Taking a starting point that all funds can go up as well as down, the review is an opportunity for you to examine how your fund has performed over the past few years.

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Why review your pension?

Reviewing your pension is a way for you to take better control of your future. It arms you with the information, rules and risk levels that govern your pension scheme and ultimately shape your future financial outcome. It will provide you with options and predicted outcomes that will allow you to make better-informed decisions about your future.

Pension investing is extremely tax efficient and the earlier we start taking advantage of the benefits associated with it, the more we will reap the rewards of those benefits in the long-term. This is one reason why pension reviews are so important, because they will shed light on whether or not you’re taking full advantage of the potential tax benefits available.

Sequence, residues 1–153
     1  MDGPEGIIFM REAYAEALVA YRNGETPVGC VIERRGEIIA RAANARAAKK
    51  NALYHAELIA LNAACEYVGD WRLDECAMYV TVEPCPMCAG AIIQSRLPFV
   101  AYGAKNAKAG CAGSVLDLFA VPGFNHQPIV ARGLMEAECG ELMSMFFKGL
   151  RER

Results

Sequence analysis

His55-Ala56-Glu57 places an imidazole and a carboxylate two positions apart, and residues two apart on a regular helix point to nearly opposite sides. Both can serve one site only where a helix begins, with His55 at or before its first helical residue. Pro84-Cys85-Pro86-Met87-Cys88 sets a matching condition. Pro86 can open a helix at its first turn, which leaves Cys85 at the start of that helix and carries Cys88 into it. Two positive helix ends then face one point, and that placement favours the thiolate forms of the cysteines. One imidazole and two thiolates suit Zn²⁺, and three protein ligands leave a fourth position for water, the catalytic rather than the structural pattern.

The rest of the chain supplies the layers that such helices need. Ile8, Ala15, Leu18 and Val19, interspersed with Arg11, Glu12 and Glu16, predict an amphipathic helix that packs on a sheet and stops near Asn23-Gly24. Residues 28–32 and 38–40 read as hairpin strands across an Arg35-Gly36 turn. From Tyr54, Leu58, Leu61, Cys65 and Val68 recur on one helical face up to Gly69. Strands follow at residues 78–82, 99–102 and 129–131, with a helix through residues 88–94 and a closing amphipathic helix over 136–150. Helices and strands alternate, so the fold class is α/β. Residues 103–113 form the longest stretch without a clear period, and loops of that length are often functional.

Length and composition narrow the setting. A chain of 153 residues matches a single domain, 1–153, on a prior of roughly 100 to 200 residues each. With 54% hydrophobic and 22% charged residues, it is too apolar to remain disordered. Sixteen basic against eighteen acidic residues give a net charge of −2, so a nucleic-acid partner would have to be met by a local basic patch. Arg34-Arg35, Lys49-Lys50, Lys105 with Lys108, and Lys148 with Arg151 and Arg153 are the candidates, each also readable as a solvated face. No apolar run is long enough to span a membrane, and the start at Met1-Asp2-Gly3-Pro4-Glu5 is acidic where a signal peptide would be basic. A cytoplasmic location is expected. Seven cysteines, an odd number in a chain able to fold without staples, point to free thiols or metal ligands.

What causes pensions to become insufficient for a comfortable retirement?

Another key reason to review you pension regularly is that Revenue allows larger and larger percentages of our salaries to be contributed to pensions as we get older and that should be taken advantage of.

In Ireland, insufficient pension funds at retirement really boils down to

  1. Not starting early enough
  2. Not increasing your investments over time
  3. Poor investment allocation, extortionate brokerage commissions and low fund allocations

Can I improve my pension?

There are a number of ways to improve your pension plan, depending on the type of plan you have.